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Die letzten 5 Focus-News des innovations-reports im Überblick:

Im Focus: Spider silk key to new bone-fixing composite

University of Connecticut researchers have created a biodegradable composite made of silk fibers that can be used to repair broken load-bearing bones without the complications sometimes presented by other materials.

Repairing major load-bearing bones such as those in the leg can be a long and uncomfortable process.

Im Focus: Writing and deleting magnets with lasers

Study published in the journal ACS Applied Materials & Interfaces is the outcome of an international effort that included teams from Dresden and Berlin in Germany, and the US.

Scientists at the Helmholtz-Zentrum Dresden-Rossendorf (HZDR) together with colleagues from the Helmholtz-Zentrum Berlin (HZB) and the University of Virginia...

Im Focus: Gamma-ray flashes from plasma filaments

Novel highly efficient and brilliant gamma-ray source: Based on model calculations, physicists of the Max PIanck Institute for Nuclear Physics in Heidelberg propose a novel method for an efficient high-brilliance gamma-ray source. A giant collimated gamma-ray pulse is generated from the interaction of a dense ultra-relativistic electron beam with a thin solid conductor. Energetic gamma-rays are copiously produced as the electron beam splits into filaments while propagating across the conductor. The resulting gamma-ray energy and flux enable novel experiments in nuclear and fundamental physics.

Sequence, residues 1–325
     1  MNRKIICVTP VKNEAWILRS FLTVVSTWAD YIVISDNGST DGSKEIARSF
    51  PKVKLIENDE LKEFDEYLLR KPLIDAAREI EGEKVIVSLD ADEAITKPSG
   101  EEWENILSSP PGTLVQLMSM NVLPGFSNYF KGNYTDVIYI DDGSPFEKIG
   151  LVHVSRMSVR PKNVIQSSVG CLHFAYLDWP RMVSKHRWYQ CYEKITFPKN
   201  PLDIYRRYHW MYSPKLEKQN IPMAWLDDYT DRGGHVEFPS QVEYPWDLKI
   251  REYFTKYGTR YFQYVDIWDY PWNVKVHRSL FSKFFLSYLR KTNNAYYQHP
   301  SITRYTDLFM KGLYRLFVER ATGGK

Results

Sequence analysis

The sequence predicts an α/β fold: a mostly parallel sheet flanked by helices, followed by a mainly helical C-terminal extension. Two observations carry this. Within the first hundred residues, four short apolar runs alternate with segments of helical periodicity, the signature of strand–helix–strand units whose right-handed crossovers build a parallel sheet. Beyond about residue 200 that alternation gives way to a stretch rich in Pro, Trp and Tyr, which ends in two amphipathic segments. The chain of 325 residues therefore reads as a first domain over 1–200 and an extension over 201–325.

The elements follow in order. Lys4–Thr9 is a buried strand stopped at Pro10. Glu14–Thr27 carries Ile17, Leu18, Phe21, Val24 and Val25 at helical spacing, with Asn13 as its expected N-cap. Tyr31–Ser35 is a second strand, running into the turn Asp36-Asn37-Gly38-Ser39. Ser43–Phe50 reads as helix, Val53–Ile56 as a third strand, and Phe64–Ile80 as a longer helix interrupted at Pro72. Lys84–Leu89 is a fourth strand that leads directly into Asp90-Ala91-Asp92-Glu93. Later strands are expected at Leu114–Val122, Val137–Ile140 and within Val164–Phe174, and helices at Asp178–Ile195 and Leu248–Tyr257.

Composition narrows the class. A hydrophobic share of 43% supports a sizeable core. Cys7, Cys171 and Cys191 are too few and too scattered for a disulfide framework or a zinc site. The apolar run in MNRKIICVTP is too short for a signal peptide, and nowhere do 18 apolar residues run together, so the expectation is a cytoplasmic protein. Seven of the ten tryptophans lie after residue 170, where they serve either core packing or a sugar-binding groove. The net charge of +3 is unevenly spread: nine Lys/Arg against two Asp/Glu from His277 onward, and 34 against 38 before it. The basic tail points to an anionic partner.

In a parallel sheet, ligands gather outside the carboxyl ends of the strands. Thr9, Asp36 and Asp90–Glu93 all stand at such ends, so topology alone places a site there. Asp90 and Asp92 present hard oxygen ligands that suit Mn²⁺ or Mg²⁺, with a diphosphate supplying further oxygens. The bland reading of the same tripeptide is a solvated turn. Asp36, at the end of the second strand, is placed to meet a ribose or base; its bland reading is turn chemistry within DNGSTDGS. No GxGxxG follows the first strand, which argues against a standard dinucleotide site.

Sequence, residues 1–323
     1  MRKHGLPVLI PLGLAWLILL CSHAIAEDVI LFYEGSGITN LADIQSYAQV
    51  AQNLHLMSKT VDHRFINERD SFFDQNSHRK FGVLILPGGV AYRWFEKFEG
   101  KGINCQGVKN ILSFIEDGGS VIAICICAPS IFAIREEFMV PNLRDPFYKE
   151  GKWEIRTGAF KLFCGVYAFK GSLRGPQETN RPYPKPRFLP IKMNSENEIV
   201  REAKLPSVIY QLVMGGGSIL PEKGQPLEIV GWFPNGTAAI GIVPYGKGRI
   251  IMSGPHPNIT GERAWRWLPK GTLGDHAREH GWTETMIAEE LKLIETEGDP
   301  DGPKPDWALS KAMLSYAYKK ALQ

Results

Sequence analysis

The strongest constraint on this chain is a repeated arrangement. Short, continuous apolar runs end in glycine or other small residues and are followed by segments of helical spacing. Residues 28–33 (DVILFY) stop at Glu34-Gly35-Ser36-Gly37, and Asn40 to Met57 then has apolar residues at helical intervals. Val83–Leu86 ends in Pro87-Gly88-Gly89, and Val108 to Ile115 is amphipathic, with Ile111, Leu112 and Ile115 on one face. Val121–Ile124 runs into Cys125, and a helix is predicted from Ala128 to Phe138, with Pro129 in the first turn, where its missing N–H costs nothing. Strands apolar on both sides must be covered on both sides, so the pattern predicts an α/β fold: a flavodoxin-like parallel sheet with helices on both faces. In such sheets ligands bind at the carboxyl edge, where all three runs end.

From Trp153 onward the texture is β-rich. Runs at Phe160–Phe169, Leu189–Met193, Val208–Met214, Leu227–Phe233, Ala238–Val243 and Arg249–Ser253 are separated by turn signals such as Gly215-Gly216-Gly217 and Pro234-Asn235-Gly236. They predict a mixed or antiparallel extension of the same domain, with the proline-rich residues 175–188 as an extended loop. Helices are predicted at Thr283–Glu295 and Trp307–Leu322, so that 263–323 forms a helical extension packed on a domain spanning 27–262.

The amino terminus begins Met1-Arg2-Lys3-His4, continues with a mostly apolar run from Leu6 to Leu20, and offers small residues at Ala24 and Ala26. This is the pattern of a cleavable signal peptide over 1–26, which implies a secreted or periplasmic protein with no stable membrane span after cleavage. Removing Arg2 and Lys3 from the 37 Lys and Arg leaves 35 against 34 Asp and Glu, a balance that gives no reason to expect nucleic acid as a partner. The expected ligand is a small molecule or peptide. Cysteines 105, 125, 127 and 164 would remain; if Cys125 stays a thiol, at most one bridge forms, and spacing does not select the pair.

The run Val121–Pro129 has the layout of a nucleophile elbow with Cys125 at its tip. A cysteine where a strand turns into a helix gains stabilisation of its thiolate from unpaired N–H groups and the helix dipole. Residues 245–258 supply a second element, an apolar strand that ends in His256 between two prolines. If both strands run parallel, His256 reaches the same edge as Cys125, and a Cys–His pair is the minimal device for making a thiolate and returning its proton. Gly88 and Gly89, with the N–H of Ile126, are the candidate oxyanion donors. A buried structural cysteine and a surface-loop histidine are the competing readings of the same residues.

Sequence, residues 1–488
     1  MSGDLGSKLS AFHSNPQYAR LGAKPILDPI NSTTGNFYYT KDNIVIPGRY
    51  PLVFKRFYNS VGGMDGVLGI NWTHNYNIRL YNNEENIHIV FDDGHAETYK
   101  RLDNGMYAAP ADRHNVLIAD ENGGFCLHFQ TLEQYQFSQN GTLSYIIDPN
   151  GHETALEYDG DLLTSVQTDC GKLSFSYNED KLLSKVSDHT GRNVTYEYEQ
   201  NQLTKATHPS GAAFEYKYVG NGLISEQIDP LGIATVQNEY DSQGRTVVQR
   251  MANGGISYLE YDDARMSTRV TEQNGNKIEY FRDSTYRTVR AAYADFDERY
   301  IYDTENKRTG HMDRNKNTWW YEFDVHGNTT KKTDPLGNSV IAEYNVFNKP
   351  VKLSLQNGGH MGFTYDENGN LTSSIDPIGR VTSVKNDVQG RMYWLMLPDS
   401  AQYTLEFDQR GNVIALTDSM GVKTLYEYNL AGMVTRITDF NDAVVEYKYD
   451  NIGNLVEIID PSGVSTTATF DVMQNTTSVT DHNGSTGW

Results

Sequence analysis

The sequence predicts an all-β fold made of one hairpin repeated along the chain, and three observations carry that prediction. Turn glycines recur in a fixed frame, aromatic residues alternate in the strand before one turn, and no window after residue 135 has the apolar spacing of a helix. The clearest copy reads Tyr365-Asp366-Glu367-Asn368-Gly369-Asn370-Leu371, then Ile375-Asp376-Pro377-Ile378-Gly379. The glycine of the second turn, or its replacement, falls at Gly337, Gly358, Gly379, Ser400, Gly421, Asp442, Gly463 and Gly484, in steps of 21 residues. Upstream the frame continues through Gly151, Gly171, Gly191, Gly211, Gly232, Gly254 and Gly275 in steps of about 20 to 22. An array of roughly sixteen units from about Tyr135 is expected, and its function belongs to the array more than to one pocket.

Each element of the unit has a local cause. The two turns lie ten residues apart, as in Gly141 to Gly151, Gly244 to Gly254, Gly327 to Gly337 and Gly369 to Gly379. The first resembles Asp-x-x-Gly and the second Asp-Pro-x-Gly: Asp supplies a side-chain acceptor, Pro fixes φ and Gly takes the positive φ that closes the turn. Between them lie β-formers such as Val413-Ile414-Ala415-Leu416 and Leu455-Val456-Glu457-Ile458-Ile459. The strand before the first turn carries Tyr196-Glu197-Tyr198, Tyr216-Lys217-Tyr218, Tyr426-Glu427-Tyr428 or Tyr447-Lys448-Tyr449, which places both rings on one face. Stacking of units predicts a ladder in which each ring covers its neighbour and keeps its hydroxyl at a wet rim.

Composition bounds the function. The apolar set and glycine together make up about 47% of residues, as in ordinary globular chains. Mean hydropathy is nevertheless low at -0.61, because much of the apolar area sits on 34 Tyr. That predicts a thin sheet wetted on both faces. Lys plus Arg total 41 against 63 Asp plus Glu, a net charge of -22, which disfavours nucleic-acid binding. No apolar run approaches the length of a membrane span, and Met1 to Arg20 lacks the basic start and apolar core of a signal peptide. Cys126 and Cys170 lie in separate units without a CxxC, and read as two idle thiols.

The typical wavelength of light interacting with an object of the microcosm scales with the size of this object. For atoms, this ranges from visible light to...

Im Focus: Basel researchers succeed in cultivating cartilage from stem cells

Stable joint cartilage can be produced from adult stem cells originating from bone marrow. This is made possible by inducing specific molecular processes occurring during embryonic cartilage formation, as researchers from the University and University Hospital of Basel report in the scientific journal PNAS.

Certain mesenchymal stem/stromal cells from the bone marrow of adults are considered extremely promising for skeletal tissue regeneration. These adult stem...

Im Focus: Like a wedge in a hinge

Researchers lay groundwork to tailor drugs for new targets in cancer therapy

In the fight against cancer, scientists are developing new drugs to hit tumor cells at so far unused weak points. Such a “sore spot” is the protein complex...

All Focus news of the innovation-report >>>